254 – weight in kilograms of the National Trust property in the film
Tony Berry, Visitor Experience Director of the National Trust, comments:
“The National Trust and Wallace and Gromit are two of Britain’s greatest treasures and we felt it fitting that in this summer of celebration we should bring them together. We are holding our very own premiere of Wallace & Gromit’s Jubilee Bunt-a thon at our properties, it was made exclusively for the National Trust and we are really excited that it will encourage the nation to join us for an extra special Diamond Jubilee celebration.”
Nick Park, creator of Wallace and Gromit, comments:
“I have to pinch myself when I think how far Wallace and Gromit have come; from ideas in my head, to ‘film stars’ working with great organisations such as the National Trust, which the nation holds dear to its heart. At Aardman we are thrilled that Wallace and Gromit have had a chance to explore all the Trust has to offer – from helping to put up bunting to enjoying their Wensleydale cheese platter at a picnic. Wallace and Gromit are in for a cracking summer at the National Trust.
“The National Trust has a special place in my heart from a childhood memory of completing a paint- by- numbers at Stourhead, to Montacute House, on which we based Tottington Hall in the Curse of the Were-rabbit.”
The nation’s much loved comedy duo have paired up with the Trust for some cracking Jubilee parties this summer which as well as the debut of the mini animation and behind the scenes ‘making of…’ film, will also feature Wallace and Gromit model making workshops with trained Aardman animators, themed trails, a variety of fun games for children and exclusive themed retail and catering treats for all the family.
Wallace & Gromit’s Jubilee Bunt-a-thon will be shown on 4th June at fourteen National Trust properties as part of the Summer of Celebration Diamond Jubilee parties. For a behind-the-scenes look at the making of the Wallace and Gromit film visit www.nationaltrust.org.uk/wallaceandgromit.
Two new heritage gardening courses have been announced by the National Trust this week, representing the charity’s most significant development in horticultural training for 20 years.
Co-funded by the National Gardens Scheme, the new courses will offer budding gardeners the opportunity to study for qualifications in heritage gardening and replace the Trust’s Careership training scheme launched in 1991 .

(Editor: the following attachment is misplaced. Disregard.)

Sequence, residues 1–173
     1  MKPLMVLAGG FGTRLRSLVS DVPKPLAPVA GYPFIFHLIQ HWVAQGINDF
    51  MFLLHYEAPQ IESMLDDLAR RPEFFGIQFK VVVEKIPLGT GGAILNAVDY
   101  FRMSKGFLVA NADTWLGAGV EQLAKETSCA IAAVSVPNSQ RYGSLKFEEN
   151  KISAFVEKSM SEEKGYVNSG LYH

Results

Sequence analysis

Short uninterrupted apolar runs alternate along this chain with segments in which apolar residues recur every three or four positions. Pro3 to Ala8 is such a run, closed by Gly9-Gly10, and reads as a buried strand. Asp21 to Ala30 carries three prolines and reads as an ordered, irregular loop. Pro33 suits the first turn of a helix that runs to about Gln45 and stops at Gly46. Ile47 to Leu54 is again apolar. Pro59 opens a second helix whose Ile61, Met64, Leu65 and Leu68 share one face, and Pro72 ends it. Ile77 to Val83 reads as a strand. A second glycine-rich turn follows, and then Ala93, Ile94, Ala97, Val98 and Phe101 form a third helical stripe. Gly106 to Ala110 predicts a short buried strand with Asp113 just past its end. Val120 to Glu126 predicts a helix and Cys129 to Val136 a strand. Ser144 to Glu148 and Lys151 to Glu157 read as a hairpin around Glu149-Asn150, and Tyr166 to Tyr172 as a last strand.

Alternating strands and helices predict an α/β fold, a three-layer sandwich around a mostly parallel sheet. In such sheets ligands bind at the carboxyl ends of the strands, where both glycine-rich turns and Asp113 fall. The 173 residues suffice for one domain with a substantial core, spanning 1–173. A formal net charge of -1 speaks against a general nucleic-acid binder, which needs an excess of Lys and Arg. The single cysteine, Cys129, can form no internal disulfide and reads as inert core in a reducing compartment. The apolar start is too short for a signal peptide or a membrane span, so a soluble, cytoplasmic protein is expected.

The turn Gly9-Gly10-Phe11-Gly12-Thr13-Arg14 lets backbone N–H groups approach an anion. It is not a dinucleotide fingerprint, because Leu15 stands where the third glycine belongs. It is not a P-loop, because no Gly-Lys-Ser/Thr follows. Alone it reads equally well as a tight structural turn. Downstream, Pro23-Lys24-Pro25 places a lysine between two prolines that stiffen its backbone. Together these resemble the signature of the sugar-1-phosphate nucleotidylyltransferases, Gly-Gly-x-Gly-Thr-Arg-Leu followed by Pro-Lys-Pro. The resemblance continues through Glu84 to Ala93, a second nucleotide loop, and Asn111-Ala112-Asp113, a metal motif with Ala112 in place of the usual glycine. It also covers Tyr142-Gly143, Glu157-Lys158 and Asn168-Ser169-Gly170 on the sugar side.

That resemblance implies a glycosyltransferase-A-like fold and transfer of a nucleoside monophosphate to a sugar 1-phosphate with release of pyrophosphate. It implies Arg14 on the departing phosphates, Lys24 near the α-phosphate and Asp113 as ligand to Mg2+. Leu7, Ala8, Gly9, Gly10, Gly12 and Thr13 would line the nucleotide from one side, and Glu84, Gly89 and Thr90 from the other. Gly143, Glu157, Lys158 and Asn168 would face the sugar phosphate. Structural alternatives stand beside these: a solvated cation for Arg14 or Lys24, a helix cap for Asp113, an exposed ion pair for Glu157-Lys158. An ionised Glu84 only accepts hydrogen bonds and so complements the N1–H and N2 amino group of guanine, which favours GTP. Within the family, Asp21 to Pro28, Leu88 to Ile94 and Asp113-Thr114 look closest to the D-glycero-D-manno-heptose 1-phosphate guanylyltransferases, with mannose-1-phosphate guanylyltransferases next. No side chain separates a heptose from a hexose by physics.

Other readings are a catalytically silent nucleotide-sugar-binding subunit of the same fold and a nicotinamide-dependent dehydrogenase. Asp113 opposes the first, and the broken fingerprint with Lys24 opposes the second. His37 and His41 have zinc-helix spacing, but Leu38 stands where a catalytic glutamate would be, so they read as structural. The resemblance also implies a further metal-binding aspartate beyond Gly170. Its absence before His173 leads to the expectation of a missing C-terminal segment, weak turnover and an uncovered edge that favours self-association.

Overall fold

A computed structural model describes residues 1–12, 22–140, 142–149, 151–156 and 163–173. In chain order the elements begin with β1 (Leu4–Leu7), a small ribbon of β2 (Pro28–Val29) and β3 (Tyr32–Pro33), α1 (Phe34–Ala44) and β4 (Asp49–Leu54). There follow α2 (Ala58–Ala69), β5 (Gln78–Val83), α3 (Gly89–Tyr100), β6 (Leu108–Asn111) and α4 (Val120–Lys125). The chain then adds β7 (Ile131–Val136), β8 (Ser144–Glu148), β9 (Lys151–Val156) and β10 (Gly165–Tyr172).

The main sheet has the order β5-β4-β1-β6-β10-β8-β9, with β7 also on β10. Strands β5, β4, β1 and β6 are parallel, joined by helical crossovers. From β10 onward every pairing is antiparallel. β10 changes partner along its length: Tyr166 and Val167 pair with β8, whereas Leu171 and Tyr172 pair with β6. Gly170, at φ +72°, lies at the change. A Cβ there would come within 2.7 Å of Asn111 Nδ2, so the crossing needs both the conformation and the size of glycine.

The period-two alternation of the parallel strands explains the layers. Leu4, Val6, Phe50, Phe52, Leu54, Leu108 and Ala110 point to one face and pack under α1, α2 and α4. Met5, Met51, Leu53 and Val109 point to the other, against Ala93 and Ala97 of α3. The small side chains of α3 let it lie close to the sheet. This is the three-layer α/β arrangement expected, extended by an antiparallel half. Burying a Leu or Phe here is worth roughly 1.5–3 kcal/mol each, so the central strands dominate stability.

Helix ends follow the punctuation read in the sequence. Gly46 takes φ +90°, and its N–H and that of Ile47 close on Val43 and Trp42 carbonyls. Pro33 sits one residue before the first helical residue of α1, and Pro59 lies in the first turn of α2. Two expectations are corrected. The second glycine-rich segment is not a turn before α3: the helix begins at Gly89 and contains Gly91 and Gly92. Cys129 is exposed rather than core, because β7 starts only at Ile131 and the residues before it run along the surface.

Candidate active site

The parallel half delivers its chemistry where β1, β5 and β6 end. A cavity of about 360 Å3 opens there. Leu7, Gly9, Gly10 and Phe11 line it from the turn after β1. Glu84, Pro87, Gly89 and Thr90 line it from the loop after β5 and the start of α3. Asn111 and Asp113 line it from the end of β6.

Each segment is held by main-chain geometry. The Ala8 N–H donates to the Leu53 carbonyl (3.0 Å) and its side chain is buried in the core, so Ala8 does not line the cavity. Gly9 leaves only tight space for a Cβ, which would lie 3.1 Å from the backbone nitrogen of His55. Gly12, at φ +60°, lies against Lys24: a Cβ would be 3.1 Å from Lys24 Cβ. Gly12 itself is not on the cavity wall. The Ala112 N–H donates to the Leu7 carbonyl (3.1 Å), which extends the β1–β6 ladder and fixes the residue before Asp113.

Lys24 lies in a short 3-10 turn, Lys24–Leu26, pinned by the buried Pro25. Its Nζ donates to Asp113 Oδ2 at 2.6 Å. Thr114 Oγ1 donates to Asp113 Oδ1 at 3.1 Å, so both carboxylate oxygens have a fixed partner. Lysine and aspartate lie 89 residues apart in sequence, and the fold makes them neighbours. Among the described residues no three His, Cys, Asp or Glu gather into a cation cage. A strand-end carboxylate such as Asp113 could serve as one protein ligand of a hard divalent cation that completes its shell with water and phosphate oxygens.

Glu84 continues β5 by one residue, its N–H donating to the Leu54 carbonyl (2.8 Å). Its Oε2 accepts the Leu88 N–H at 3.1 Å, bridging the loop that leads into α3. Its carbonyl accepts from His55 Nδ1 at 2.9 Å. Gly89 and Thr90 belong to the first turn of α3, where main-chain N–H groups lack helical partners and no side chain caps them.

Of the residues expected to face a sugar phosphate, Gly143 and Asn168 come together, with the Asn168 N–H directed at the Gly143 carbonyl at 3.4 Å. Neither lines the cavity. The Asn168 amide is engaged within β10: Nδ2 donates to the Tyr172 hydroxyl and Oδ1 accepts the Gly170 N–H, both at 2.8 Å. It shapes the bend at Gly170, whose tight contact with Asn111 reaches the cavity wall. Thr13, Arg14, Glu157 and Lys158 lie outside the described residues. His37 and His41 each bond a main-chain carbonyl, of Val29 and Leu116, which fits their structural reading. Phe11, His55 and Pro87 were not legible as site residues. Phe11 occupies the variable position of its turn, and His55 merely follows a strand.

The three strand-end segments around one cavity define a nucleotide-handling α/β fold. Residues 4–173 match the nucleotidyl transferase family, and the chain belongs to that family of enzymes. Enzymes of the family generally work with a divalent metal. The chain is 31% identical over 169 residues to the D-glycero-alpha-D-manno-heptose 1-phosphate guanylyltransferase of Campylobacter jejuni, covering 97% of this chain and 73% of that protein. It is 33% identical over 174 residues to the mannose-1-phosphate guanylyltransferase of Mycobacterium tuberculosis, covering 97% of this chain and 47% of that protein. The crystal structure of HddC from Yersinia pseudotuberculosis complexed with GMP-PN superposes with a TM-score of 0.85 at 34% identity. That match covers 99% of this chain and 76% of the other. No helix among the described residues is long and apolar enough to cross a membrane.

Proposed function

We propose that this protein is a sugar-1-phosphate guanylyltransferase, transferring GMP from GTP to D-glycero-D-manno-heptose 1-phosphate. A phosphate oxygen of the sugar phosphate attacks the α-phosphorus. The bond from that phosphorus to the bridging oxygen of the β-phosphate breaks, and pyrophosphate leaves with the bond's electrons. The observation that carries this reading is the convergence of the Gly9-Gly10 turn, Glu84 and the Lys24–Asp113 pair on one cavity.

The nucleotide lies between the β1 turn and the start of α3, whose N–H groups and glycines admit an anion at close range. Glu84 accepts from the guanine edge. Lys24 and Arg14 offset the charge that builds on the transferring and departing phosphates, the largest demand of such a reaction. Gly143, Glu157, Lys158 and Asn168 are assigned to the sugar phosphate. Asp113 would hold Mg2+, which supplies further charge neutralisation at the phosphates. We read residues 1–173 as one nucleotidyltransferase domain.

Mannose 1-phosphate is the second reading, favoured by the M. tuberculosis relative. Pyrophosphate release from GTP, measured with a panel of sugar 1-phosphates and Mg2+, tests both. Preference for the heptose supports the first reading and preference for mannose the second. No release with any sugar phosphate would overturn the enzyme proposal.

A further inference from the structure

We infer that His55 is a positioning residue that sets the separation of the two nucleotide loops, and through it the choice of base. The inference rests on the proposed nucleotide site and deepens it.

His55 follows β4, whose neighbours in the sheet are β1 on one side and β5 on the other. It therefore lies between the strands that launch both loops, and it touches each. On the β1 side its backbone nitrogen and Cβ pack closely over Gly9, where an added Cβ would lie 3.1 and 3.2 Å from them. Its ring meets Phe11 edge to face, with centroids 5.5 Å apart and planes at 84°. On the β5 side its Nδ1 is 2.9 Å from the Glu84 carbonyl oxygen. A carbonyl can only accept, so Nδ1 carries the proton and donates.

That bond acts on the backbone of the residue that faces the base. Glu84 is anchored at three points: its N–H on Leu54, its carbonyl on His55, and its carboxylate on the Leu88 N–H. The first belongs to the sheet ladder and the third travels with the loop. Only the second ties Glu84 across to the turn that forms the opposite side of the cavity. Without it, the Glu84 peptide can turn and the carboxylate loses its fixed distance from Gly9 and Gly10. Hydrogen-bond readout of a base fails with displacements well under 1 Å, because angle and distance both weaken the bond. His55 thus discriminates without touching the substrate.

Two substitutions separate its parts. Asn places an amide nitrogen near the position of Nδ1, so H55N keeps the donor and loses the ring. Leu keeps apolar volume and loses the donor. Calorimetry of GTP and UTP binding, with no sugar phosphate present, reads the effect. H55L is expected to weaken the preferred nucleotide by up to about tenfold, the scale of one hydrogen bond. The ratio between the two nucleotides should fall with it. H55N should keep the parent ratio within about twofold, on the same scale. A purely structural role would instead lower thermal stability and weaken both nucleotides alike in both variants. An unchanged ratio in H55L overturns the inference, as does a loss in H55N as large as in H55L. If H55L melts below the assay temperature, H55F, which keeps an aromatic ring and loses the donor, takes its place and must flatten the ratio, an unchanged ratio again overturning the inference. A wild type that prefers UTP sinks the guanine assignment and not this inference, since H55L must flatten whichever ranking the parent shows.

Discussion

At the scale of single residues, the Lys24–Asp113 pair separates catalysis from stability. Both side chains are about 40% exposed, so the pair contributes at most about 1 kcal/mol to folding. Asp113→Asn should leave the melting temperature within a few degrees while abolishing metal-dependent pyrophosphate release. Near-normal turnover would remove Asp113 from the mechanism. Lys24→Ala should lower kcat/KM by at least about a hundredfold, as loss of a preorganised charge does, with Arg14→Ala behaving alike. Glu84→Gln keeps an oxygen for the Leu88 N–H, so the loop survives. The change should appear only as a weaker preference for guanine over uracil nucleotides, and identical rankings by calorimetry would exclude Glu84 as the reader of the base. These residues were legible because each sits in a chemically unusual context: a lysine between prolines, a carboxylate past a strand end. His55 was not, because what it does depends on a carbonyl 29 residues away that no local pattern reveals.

For those new to heritage gardening, the one year Foundation Certificate will develop the essential practical skills needed to look after and nurture heritage gardens, and is aligned with the Royal Horticultural Society’s (RHS) Level 2 in Horticulture.
The two year Diploma in Heritage Gardening is unique to the Trust and offers what is arguably the most comprehensive grounding in heritage gardening available for those with some prior experience and relevant qualifications. It builds on the Foundation level training, providing trainees with an in-depth and working knowledge of heritage gardens.
Mike Calnan, Head of Gardens at the National Trust said: “Our new gardening courses are a great step forward and have been designed to develop the modern skills needed to sustainably manage major heritage gardens into the future. We believe they are a significant development for the sector and fill the training gap between existing botanic horticulture and amenity gardening diplomas.
“We can now offer two entry points and great opportunities for people wishing to develop a long and rewarding career in heritage gardening and a spring board for those aspiring to become our Head Gardeners of the future.”
Developed in conjunction with Reaseheath College in Cheshire , the courses are largely practical, with trainees based at major National Trust gardens. To supplement this practical learning, trainees also spend 10 weeks a year at Reaseheath developing their horticultural knowledge.
In addition to traditional and modern techniques used in major gardens, trainees on the Diploma course will cover plant conservation, GPS surveys and plant databases; garden history, period planting styles, restoration, and interpretation and visitor engagement techniques.
Trainees on both courses will be able to work alongside the National Trust’s most experienced Head Gardeners in some of the most famous gardens in the country such as Sissinghurst, Hidcote and Stourhead. They will also learn about garden conservation from the National Trust’s gardening experts and will have opportunities to develop additional skills and knowledge with placements at other Trust gardens.
The new courses start in September 2012 and there are 10 places available on each. Applicants can find out more information at www.nationaltrust.org.uk/gardencareers and apply from 27 April 2012.
 Launched in 1991, the National Trust’s successful Careership programme has trained over 200 new gardeners over the past 11 years. The Careership programme will finish in August 2012.
 Reaseheath College is a specialist land based college set in the heart of Cheshire near Nantwich. The College has a wide range of world class facilities including a large Agricultural estate and 21 acres of high quality grounds. The Horticulture department has a plant nursery and commercial glasshouse resources and a demonstration fruit and vegetable garden, a design studio using the latest high class IT technology and a commercial 9 hole golf course. The college prides itself in delivering outstanding education to a wide range of customers and has extensive industrial and community links within the Horticultural industry. We are extremely proud to be in partnership with the National Trust and delivering both of these qualifications, and to progress the opportunities available to all those who want to progress in Heritage Gardening.